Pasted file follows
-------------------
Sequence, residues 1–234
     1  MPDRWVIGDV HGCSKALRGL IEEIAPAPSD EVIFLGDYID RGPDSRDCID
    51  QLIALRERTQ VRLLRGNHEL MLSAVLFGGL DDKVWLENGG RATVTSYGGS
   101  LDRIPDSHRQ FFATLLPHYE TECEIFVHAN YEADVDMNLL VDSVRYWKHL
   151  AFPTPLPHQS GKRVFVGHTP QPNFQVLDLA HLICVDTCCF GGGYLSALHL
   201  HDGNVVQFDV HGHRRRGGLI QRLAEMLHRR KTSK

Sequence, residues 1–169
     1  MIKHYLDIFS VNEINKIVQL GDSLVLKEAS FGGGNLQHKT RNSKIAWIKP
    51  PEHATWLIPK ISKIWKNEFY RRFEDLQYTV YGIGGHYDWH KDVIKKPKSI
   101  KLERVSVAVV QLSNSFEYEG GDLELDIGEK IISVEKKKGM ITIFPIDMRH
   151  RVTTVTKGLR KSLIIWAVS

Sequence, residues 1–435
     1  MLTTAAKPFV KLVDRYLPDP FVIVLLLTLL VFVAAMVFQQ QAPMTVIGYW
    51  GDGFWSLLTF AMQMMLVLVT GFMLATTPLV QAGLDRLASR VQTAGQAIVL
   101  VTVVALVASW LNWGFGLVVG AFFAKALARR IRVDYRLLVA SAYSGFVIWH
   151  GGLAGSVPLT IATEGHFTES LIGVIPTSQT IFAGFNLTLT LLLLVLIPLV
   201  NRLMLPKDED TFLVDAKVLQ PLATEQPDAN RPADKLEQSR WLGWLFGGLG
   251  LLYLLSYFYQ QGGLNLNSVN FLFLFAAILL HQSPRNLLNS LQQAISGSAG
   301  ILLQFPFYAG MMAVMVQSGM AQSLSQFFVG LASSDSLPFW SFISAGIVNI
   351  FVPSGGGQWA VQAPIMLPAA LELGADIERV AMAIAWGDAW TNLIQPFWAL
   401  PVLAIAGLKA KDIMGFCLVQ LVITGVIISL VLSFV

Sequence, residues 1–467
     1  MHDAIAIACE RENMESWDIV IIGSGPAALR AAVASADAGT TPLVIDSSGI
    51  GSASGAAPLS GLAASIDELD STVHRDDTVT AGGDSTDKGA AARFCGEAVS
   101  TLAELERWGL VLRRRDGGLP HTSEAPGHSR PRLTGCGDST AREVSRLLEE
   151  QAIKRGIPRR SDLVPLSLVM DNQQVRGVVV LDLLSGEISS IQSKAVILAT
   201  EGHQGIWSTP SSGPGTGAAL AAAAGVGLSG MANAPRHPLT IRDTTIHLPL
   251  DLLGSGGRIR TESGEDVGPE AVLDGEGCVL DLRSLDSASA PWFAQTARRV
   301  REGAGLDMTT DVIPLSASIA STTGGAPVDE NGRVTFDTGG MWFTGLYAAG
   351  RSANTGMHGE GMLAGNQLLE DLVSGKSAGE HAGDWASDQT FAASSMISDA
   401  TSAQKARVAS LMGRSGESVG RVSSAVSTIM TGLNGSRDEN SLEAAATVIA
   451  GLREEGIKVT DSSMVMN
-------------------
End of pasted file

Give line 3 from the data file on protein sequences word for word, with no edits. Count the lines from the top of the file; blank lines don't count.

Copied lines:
    51  QLIALRERTQ VRLLRGNHEL MLSAVLFGGL DDKVWLENGG RATVTSYGGS